For getting in closer still you probably need a macro lens. It is a way to examine even a common object in a new way and observe its finer details. And the difference between Macro photography and a close-up? Well a close-up image will fill the frame and can generally be done using any type of lens including cameras with a macro setting. Macro photography on the other hand, although a form of close-up, is usually only achieved using a special (and expensive) macro lens. A macro shot, allows for bigger magnification and shows the finest detail in focus. A real macro lens has the capability of achieving in the least a 1:1 magnification.

How to achieve a Deeper Depth of Field

Use a smaller lens opening or a higher number (f-stop or aperture).  You can also achieve this effect by using a wider angle lens which inherently have greater depth of field (e.g. 14 – 35mm).

Use any of these tips as an exercise to get up further away from your subject.

    • Narrow your aperture (larger f-number)
    • Physically move farther from the subject
    • Shorten focal length (zoom out)  If your camera came with an 18-55mm f/3.5-5.6 lens, then you know that the widest your lens can go is 18mm and the most zoomed in your lens can go is 55mm.

There is also a rather good article explaining the differences with examples here

This week's assignment - Take three images of a chosen subject at three different aperture ranges. Low (shallow like f/1.8), medium (intermediate like f/5.6) and high (deep like f/11). Which photo pleases you the most. Why is that?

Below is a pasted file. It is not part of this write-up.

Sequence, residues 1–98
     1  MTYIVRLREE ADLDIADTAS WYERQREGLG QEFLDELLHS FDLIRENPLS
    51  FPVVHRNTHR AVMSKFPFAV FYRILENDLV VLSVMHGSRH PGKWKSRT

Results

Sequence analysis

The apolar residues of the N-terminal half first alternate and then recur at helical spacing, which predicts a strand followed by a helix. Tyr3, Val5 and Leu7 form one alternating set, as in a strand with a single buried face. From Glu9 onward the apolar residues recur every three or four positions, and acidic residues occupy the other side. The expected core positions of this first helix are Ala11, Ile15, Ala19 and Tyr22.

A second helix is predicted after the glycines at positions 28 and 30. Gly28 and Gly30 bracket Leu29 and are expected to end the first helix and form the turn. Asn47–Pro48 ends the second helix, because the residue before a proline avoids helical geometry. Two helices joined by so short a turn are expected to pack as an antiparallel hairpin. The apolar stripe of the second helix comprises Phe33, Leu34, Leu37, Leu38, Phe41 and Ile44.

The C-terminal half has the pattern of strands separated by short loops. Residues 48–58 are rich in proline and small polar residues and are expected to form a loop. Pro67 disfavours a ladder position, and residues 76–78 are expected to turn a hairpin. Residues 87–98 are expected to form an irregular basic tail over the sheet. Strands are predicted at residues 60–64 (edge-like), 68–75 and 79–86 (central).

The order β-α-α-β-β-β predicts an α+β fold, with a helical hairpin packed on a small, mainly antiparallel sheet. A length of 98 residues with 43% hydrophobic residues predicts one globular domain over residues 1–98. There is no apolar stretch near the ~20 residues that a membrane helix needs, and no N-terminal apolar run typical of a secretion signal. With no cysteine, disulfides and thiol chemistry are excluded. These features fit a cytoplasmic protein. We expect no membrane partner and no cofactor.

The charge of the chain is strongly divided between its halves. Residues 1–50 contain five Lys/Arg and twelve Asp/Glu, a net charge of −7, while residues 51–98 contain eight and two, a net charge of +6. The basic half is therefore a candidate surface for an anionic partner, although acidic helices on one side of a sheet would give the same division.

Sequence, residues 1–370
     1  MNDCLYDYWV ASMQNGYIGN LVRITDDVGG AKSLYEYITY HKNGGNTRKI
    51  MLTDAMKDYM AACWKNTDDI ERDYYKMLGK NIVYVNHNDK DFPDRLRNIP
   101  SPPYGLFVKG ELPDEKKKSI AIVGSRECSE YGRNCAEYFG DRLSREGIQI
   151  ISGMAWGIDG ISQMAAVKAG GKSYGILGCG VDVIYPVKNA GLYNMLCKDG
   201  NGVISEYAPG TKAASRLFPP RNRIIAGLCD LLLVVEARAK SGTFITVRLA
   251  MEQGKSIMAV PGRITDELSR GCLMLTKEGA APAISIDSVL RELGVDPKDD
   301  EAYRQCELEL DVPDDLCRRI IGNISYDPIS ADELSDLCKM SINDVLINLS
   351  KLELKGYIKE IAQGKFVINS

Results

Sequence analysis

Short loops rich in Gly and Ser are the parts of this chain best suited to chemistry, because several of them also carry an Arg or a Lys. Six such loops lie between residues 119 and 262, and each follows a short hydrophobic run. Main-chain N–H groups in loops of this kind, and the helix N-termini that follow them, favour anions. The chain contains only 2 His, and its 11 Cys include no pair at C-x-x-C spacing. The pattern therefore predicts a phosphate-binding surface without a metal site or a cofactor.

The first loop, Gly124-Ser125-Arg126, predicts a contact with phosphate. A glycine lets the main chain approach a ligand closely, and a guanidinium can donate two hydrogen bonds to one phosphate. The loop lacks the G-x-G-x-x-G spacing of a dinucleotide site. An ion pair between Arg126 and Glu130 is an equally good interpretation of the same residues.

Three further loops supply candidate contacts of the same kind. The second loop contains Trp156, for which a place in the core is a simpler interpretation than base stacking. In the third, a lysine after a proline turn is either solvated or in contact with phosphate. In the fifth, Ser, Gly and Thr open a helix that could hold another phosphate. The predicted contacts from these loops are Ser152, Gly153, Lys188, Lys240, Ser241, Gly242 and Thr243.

If you are still confused about using Aperture Priority Mode, then simply use a zoom lens or camera with zoom settings and select three different focal lengths. Or use three different lenses with various f-number settings. What we are aiming for here is a comparison with f/1.8, f/5.6 and f/16 or whatever the lowest and highest range is available to you.

(please click on an image to enlarge)

(1) F/0.95 – a shallow depth of field (low) where the focus is on the mug of pens and the background is very blurred.

(2) F/ 4.5 – an intermediate depth of field (medium) where the focus remains on the mug of pens, but the background is more in focus and you can start to make out shapes.

(3) F/16 – a deep depth of field (high) where not only is the mug of pens in focus but you can now make out the table and the base of the lamp in the background. Everything is in focus.

My favourite is the shallow depth of field where the mug of pens is sharp and clear and the background does not distract you from the subject, whereas in the deep depth of field the objects behind the mug become intrusive.

If you would like to join in with the 2020 photo challenge then please take a look at my 2020 Photo Challenge page. No complicated rules, just a camera required 🙂

    • Create your own post with some information about how you composed the shot.
    • Include a link to this page in your post so others can find it too
    • Add the tag #2020PhotoChallenge so everyone can find your entry easily in the WP Reader
    • Get your post(s) in by the end of the month, as the new theme comes out on the first Sunday in July.

2020 Photo Challenge #22

May’s theme / technique: It’s all about the Light